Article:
He forgave us all our sins, having canceled the charge of our legal indebtedness, which stood against us and condemned us; he has taken it away, nailing it to the cross. Colossians 2:13-14

Jesus said to her, “I am the resurrection and the life. The one who believes in me will live, even though they die; and whoever lives by believing in me will never die.” John 11:25-26

Through Jesus, the image of God in a person, once broken and distorted by sin, is restored. Through Jesus, sinful humans are recreated into what we were always meant to be. Through Jesus, the judgment of God is turned away and the love of God is lavished on us. Through Jesus, the unapproachable Deity becomes freely accessible; we are adopted into his family. Through Jesus, the Holy Spirit of God lives in us and changes us. Through Jesus come peace, joy, hope, freedom, value, and meaning. Through him comes true, indestructible life. He is the answer to our need, and the purpose of our lives. His love is the most incredible, truest reality in the whole world.

For Christ’s love compels us, because we are convinced that one died for all, and therefore all died. And he died for all, that those who live should no longer live for themselves but for him who died for them and was raised again. So from now on we regard no one from a worldly point of view. Though we once regarded Christ in this way, we do so no longer. Therefore, if anyone is in Christ, the new creation has come: The old has gone, the new is here! 2 Corinthians 5:14-17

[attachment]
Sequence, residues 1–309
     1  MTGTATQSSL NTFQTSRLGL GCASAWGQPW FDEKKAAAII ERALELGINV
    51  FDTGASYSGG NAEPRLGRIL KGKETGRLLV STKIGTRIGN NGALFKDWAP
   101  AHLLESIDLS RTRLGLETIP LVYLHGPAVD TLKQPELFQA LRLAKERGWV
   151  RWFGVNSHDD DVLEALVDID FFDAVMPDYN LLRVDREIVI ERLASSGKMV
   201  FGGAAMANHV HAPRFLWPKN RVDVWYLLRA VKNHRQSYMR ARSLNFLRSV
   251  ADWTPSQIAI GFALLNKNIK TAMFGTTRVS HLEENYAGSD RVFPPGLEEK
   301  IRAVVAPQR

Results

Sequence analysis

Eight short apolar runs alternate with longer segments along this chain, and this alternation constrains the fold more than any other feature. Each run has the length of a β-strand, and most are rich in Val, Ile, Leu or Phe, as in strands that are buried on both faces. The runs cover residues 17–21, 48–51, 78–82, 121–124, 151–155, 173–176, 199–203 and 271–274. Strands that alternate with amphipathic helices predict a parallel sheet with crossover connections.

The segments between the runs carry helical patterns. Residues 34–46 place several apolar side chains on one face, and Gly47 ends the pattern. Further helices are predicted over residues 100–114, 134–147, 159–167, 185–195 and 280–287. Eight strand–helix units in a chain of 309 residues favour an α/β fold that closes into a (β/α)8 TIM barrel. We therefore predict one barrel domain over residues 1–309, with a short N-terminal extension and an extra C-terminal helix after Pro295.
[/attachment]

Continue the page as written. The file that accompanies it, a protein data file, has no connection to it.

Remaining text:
In him and through faith in him we may approach God with freedom and confidence. Ephesians 3:12

It is through faith – belief and trust in what Jesus has done – that any person receives this free gift of God called redemption. No one can earn it; any good thing a person does is merely what they ought to have been doing all along. And even the good things we do outside faith are distorted by wrong motives and self-love. If you think God will save you from judgment because you are “good enough” or because you try to love him, understand that you not good enough and that you hardly love him. Instead, understand, know, and believe that Jesus is in all ways good enough and that he has loved you first.

This is how God showed his love among us: He sent his one and only Son into the world that we might live through him. This is love: not that we loved God, but that he loved us and sent his Son as an atoning sacrifice for our sins. 1 John 4:9-10

“The time has come,” he said. “The kingdom of God has come near. Repent and believe the good news!” Mark 1:15